A Portuguese mercenary stole the largest working bell in history from Shwedagon Pagoda, and then lost it in the waters of the Yangon River.
How about that time that the Egyptian Mamluks, with secret support from Venice, battled the Portuguese in the sea off the coast of India?
In 1967, fifteen ships and their crews were trapped on the Suez Canal because of the Six-Day War. The ships would remain there for the next eight years.
Take a log, paint it black, and make sure your enemy can see it. The “quaker guns” were a key piece of strategic deception in the American Revolutionary and Civil Wars.
In 1946 a modified V-2 rocket took the first picture of our planet from outer space.
In 1950 Leo Szilard warned the world that a single device capable of annihilating all life on Earth was theoretically possible.
The inventor of the diesel engine died at sea under mysterious and still unexplained circumstances.
Vidal Sassoon was an icon of 20th century fashion – and also beat up fascists in post-WWII London.
Thomas Selfridge was a passenger in one of the Wright brothers’ early planes when it crashed in 1908; he was the first person to die in a plane crash.
In 1687 Ottoman-controlled Athens, the Venetians blew up the Parthenon. The Ottomans built a mosque from its ruins.
In World War I, phenol was a key ingredient in aspirin, explosives, and phonograph records. German agents secretly redirected Thomas Edison’s excess phenol supply to prevent it being used for British bombs.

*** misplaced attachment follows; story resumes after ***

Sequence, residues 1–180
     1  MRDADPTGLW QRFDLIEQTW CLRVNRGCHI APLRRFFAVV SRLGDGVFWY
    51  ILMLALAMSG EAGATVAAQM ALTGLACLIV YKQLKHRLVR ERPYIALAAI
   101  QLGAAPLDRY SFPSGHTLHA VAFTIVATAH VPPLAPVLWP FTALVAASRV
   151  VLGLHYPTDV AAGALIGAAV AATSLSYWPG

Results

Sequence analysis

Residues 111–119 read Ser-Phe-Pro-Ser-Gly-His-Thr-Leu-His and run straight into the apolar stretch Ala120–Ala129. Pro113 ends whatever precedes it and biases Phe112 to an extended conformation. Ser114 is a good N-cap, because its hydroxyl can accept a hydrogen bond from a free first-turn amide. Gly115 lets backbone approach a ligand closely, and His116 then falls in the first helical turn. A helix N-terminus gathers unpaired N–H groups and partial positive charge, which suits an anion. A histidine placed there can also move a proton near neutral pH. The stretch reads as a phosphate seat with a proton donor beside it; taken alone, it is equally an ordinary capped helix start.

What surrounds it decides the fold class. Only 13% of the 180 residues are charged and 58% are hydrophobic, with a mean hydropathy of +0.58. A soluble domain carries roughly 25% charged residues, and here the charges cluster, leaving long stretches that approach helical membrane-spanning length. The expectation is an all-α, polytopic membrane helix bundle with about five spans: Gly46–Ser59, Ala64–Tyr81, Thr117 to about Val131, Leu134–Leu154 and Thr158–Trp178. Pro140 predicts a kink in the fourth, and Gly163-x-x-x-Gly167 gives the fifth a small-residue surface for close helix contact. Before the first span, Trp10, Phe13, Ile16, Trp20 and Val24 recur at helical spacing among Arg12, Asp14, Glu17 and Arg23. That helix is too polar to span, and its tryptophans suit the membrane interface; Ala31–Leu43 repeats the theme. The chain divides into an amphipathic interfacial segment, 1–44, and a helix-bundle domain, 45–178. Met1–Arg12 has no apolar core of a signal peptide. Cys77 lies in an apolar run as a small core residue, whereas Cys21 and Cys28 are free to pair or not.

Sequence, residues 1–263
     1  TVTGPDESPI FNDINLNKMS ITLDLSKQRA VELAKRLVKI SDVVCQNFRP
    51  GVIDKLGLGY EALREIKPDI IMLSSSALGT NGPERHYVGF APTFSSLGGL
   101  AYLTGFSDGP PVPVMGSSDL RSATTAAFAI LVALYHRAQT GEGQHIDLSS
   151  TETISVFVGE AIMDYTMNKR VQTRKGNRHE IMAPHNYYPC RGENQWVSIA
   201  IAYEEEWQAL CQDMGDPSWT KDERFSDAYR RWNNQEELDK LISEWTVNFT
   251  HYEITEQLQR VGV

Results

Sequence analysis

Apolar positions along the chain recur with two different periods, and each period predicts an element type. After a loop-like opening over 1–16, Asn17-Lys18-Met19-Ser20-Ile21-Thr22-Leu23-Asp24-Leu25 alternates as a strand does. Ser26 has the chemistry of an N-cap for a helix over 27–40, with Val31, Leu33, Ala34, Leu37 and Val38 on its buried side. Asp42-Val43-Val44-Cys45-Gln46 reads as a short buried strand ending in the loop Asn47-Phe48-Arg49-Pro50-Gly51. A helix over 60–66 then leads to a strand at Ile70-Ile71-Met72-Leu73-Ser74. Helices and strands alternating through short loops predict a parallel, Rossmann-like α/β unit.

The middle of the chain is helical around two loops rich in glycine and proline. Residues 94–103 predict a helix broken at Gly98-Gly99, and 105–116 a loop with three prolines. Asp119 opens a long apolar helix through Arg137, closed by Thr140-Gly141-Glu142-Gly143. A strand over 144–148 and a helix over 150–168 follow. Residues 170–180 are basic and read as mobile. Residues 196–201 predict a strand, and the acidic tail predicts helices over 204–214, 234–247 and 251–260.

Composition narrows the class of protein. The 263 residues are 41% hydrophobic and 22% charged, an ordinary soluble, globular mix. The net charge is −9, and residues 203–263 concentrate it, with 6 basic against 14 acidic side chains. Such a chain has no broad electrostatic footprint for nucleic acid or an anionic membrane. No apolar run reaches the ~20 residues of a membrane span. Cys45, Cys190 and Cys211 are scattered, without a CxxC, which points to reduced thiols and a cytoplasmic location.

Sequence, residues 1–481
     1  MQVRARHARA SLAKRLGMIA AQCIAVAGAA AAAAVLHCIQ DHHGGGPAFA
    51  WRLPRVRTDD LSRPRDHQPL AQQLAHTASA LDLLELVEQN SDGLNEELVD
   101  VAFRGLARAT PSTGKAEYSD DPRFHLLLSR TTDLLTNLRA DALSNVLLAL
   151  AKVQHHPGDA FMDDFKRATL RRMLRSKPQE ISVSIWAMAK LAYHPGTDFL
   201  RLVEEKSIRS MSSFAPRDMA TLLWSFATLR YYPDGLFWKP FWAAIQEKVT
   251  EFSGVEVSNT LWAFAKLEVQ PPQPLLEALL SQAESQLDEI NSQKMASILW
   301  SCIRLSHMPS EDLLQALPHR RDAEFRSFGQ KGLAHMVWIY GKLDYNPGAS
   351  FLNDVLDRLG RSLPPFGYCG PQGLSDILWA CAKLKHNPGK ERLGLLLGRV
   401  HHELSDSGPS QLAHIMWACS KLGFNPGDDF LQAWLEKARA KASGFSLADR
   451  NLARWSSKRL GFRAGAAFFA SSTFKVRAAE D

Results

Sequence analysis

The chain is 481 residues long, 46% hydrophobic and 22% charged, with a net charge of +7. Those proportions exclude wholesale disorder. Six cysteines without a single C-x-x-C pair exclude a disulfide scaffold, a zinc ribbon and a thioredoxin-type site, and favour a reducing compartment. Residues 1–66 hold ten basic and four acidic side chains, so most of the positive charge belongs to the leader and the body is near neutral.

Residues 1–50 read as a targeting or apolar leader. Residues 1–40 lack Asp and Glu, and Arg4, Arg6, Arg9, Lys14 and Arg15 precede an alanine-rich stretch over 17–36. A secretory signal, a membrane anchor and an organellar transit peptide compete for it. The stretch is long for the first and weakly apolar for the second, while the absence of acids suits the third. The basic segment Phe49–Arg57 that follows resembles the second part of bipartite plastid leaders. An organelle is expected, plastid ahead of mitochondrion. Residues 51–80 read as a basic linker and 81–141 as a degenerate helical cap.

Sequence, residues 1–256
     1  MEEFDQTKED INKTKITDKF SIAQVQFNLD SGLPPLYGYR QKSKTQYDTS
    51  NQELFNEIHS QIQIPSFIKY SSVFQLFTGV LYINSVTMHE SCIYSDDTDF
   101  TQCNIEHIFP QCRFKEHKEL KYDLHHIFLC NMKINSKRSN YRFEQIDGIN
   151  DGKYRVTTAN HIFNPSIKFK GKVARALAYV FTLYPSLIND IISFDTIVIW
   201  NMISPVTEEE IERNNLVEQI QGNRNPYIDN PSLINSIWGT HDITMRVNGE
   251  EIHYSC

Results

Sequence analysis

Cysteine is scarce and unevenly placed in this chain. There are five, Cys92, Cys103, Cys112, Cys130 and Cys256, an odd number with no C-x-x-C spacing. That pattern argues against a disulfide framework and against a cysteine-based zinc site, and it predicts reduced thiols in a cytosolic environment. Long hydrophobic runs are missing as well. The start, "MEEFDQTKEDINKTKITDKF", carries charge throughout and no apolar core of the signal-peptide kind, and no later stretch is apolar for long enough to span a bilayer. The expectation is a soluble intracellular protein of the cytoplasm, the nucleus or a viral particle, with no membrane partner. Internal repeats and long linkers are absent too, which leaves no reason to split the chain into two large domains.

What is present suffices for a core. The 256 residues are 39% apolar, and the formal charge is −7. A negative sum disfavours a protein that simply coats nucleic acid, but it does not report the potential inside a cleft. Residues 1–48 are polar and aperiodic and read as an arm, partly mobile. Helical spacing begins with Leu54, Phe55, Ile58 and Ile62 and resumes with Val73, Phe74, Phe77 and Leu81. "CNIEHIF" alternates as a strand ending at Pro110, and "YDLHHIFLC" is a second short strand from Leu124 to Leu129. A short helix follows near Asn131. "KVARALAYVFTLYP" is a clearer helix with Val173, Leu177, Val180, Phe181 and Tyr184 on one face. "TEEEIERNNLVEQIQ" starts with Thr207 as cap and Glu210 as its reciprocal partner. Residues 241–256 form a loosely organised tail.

In 1968 a North Korean black ops assassination team got within 100 metres of the South Korean president’s house. South Korea formed a team of petty criminals and teenagers to return the favour, but after three years of training they mutinied.
Underneath Beijing is a vast network of tunnels built during the Cold War to shelter three million people during a nuclear attack.
In 1987 the army of Chad won a war against a more powerful Libyan force. The Libyans had tanks and aircraft; Chad had a fleet of Toyota pickup trucks.
In 1962 the United States detonated a nuclear bomb in outer space over Hawai’i. It caused an artificial aurora in the sky over Honolulu – and another one over Samoa, more than four thousand kilometres away.
In 1859 a dispute over a single pig led to a military standoff between the United States and the United Kingdom. The conflict would eventually draw in George Pickett (of Pickett’s Charge), Henry Robert (of Robert’s Rules of Order) and Kaiser Wilhelm I.